Life Insurance: Why Group Benefits Aren’t Enough

According to the Bureau of Labor Statistics, 72 percent of all full-time employees in private industry had access to life insurance through their employer. Group life has its pluses, but most families will need additional coverage. Here’s why.

Unlike many other group policies, coverage under group life policies often is no cheaper than under an individual policy, at least for a healthy individual. However, group life is written on a “guaranteed issue” basis, which means that all eligible group members can obtain a minimum “guaranteed issue” amount of coverage without medical underwriting if they sign up during the enrollment period. This means that if your employer offers group life, you can obtain some coverage, even if your health would make buying individual coverage prohibitively expensive or impossible.

Limits of Employer Plans

What type of coverage do you really need? Most employers provide employee life coverage through group term life policies. Under any true group insurance program, one policy, issued to the employer, covers all employees; covered individuals receive a certificate. Term life policies differ from “permanent” life policies, such as whole life or universal life, in that they provide benefits only if the insured dies during the policy term. They do not build any cash value or redemption value. Policy terms under group policies are usually one year; under individual policies, terms are usually five or 10 years.

Permanent life policies (which can include universal and variable life policies) cost more at the outset, but as long as you keep your policy in force, the insurer cannot change your rates. Even if your health status changes, your premiums won’t increase.

In addition, many people find the forced savings component of a permanent life policy valuable. Over time, your permanent life policy will build a cash value. After it reaches a certain level, you can borrow these funds without having to qualify. You can also withdraw part of your cash value in many instances. Note that either of these options might reduce your policy’s death benefit, which your beneficiaries might need. However, a properly planned permanent life insurance policy can help you meet many of life’s expenses, including college tuition, weddings, health costs during retirement, and more.

Tax implications. The IRS generally allows individuals to exclude the cost of the first $50,000 of employer-provided group term life insurance coverage from income, if the policy is “carried directly or indirectly by the employer.” This includes policies for which you contribute part or all of the premiums (as in a voluntary plan), if premiums paid by at least one employee subsidize those paid by at least one other employee. Different rules might apply to policies that accumulate cash value; consult your tax advisor for more information.

Generally, your beneficiaries will not have to report or include the proceeds under a life insurance contract in gross income.

How much coverage do you really need? Most employees (56 percent) with employer-provided group life have plans that provide benefits as a multiple of earnings. Among these workers, most (61 percent) have coverage equaling one times earnings, while 22 percent have two times earnings. Typically, management employees receive higher salary multiples than other employees. Thirty-nine percent of workers have “flat dollar amount” coverage, which pays the same specified amount for any covered employee, often $50,000. (Source: Bureau of Labor Statistics, National Compensation Survey, March 2013.)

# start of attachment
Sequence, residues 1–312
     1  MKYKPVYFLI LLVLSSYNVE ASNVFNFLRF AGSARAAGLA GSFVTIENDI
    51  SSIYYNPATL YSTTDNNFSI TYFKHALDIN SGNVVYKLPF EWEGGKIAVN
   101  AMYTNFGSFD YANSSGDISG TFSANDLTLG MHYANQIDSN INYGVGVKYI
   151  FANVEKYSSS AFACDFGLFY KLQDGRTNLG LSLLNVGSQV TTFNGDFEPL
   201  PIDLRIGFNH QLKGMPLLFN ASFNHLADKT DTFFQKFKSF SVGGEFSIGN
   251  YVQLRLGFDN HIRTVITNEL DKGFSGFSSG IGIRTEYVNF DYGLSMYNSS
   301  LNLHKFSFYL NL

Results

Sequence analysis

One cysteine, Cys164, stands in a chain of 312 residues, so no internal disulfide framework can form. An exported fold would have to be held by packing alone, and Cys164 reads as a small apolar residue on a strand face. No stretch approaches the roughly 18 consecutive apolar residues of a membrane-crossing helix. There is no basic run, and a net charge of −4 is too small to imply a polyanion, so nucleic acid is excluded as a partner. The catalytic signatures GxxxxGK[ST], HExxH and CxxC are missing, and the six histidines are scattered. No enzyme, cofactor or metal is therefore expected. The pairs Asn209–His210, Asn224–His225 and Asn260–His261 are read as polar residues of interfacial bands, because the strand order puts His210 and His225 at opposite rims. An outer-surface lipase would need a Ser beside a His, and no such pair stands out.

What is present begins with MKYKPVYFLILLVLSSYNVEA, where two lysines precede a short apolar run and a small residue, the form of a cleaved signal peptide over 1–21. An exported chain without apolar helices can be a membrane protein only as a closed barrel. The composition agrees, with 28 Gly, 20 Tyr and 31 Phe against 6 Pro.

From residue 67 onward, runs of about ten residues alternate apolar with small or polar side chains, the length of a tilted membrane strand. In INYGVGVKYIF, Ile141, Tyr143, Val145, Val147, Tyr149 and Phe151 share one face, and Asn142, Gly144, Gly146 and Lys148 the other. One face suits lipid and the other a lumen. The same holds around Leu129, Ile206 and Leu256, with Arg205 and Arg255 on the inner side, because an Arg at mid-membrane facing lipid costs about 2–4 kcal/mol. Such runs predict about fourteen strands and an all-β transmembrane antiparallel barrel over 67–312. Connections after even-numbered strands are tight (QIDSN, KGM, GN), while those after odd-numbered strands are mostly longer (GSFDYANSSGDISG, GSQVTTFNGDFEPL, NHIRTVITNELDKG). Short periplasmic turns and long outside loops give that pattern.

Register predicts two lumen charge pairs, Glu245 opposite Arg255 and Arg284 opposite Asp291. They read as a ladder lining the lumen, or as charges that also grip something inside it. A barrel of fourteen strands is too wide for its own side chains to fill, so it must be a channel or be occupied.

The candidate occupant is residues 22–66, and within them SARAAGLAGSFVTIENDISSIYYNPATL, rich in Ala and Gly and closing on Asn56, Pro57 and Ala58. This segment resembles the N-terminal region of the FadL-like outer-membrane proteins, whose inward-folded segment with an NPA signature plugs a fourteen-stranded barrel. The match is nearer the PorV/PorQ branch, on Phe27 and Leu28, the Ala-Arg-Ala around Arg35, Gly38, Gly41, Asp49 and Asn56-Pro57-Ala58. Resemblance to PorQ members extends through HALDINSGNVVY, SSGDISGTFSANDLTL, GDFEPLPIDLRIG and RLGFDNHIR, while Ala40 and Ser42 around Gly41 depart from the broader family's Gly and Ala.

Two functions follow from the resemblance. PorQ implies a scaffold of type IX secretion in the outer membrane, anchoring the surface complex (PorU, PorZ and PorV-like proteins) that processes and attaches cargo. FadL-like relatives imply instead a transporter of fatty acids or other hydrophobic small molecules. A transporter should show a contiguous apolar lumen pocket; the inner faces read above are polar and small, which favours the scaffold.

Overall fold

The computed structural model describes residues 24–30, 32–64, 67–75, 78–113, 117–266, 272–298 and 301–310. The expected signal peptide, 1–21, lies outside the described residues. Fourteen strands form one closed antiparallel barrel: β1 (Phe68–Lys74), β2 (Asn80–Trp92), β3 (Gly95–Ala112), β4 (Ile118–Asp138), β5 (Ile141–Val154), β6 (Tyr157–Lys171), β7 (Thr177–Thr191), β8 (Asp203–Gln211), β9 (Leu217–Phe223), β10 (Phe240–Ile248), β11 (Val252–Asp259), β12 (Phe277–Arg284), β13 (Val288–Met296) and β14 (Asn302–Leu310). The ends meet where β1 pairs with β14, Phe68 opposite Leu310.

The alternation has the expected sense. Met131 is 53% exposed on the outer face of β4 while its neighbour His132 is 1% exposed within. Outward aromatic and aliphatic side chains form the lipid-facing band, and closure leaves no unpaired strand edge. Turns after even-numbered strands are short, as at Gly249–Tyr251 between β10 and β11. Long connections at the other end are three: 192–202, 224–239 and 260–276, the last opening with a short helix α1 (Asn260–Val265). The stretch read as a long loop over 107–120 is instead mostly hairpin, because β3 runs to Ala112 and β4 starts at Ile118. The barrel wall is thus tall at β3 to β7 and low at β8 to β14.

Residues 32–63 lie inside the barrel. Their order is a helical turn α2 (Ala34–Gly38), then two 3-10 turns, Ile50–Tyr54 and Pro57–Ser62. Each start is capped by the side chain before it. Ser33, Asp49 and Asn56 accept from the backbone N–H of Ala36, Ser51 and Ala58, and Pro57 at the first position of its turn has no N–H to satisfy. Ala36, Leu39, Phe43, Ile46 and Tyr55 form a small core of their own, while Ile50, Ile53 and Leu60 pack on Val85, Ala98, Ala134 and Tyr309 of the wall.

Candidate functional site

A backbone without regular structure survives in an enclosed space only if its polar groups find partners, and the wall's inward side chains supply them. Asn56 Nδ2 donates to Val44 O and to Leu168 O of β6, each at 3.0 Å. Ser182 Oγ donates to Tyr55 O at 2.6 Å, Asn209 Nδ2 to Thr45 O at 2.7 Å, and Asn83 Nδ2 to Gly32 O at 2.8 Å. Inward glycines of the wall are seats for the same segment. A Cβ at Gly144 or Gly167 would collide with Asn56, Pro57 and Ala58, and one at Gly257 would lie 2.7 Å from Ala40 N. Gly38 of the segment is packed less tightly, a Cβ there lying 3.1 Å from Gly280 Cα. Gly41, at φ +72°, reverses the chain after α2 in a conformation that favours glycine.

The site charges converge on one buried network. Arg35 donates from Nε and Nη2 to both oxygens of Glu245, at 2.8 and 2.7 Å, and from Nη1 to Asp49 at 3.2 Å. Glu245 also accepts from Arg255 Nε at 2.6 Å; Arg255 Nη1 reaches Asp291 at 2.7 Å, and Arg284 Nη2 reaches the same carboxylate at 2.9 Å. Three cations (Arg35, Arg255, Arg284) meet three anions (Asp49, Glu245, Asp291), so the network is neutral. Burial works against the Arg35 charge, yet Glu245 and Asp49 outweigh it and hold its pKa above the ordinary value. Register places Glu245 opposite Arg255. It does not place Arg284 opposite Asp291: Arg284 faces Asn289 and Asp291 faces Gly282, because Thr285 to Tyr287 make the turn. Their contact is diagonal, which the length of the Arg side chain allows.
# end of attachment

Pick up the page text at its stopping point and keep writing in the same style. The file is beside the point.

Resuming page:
This amount of coverage might suffice for young singles, but most families need more coverage than this. Generally, anyone with dependents should strongly consider purchasing additional life insurance. Dependents could include your spouse, children or even elderly parents or disabled adult children in your care.

Experts often throw out generalized rules of thumb, such as having life insurance coverage that equals 10 times your annual salary. But really, your needs will vary depending on a variety of factors, including:

  • What type of funeral do you want? The cost of a funeral, including burial expenses, can exceed $10,000.
  • Are you the sole or primary breadwinner? How much will your spouse and children require to maintain their current standard of living?
  • Do you want life insurance to pay your children’s college expenses, or do you have other sources for education funds?
  • Do you want your life insurance to pay off your mortgage?
  • How much debt do you carry?
  • Does your spouse have retirement savings?

In a survey conducted by LIMRA International, 25 percent of adults surveyed admitted they should have more life insurance coverage. The actual figure is probably much higher. According to a survey by Nationwide Financial, 98 percent of consumers who are married, partnered or have dependents lack enough life insurance coverage to replace their income. The average consumer surveyed will earn approximately $1.5 million before they retire and currently holds about $300,000 in life insurance coverage, leaving them about $1.2 million short of replacing their income with life insurance.

We can help you analyze your life insurance needs and policy options. For more information, please contact us.